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Can legacy politics give Ekandjo Swapo's head?

18/10/2017
by   Staff Writer 
News

Swapo 2017: What Have They Done

This is the second part in a series where The Villager will analyse what each of 11 Swapo Party top four candidates have achieved ever since they joined politics. The Villager is doing this because the outcome of the Swapo Party elective congress next month will have a bearing on the future of the country. We also welcome readers' views on the leaders. If you have any views, write to the editor at editor@thevillager.com.na or news@thevillager.com.na.

 

Civil activist Frederico Links yesterday said had it not been for President Hage Geingob, Jerry Ekandjo would not have been in Cabinet today.

Links said Ekandjo was lower down on the list after the 2012 elective congress.

"He could have been overlooked very easily. And he wouldn’t have been in Cabinet today. 

"It was only through Geingob’s mercy that he made it back into the cabinet. He is not out there making a case for himself. 

"This is legacy politics, and it does not matter what the electorate think. This is Swapo. This is the 600+ delegates’ congress," Links said. 

According to Links, Ekandjo's supporters think he can deliver although as observers looking on, there isn’t much to go on regarding performance. 

"Even if his performance is underwhelming. I can’t say he has the charisma and the other sort of component characteristic that would make for a compelling president. Looking at the available evidence, it has to say no.  

"The man has not performed in any spectacular way as a cabinet minister over the years. He seems to be a hanger-on for some more powerful people, more charismatic people," Links said.

He also wondered what Ekandjo's supporters were basing their support of him on. 

"We are not hearing them selling him with regards to his leadership qualities and his achievements. What are they selling?

"They are not exactly making a case for him. I don’t know if you are hearing them shouting his abilities and intellect and all these other things. Is that (seniority) what the man’s calibre comes down to?" he asked.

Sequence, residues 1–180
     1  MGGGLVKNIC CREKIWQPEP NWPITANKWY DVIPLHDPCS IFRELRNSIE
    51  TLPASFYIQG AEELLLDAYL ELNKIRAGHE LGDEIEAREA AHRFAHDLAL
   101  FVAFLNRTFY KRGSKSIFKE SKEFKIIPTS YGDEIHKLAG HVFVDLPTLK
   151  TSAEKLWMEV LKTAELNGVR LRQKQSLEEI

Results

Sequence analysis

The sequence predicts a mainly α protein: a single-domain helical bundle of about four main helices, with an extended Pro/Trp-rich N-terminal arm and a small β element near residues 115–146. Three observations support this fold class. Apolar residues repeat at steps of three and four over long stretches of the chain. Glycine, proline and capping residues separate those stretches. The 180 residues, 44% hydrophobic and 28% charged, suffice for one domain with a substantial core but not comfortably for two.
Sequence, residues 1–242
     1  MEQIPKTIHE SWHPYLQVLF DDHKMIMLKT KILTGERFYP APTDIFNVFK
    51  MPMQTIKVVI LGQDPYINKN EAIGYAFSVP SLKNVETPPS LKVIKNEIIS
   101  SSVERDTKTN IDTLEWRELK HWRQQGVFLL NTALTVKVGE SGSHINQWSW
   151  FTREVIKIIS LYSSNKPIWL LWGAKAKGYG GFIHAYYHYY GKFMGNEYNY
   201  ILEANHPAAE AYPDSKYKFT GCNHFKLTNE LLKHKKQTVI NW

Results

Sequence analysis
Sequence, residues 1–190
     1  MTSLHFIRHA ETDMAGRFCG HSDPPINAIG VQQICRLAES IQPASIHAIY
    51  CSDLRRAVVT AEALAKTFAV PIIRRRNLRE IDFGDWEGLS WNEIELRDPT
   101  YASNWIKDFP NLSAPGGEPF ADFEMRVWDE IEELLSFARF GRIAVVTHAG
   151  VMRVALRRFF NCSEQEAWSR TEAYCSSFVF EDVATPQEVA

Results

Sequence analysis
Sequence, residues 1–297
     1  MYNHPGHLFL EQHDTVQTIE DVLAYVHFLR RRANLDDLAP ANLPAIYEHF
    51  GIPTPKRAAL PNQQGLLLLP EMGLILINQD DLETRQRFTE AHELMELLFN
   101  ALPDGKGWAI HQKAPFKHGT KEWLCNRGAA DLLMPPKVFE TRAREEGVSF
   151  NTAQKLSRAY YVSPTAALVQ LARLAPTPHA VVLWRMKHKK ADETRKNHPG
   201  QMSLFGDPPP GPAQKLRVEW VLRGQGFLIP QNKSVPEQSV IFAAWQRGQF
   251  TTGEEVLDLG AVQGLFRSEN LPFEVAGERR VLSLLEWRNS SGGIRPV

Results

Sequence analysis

Links further said Ekandjo's supporters would have to convince the 600 plus congress goers as what their candidate offers.

"They are probably reaching out to the people. It’s a little constituency.  It makes so much more comfortable; you are not dealing with the whole country. If they were dealing with the entire nation, they would have a serious problem trying to sell Ekandjo," he said.   

Ekandjo, Links said, might appeal to some fringe elements and that makes his supporters' job easier selling him. 

                 

 

Another analyst, Hoze Riruako, however, said it’s difficult to say (whether Ekandjo is capable or not).

Riruako said the thing is that as much as people are talking, it seems as if the ground is so much polarised to such an extent that it depends on the majority of the congress goers whether they see you as a person with potential.

"The people who are going to the congress are coming from their regions, and are influenced by the activities of some of these ministers. 

"Deep down in people’s minds, they have made up their minds as to who in their opinion thinks, behaves and presents himself presidentially," he said. 

Riruako also said people would support a person who walks his talk.

He said the key to the whole issue is that those who seem to be a man of their words; are resolute; have the interests of the Namibian people at heart, and commanding respect even from your peers can make it.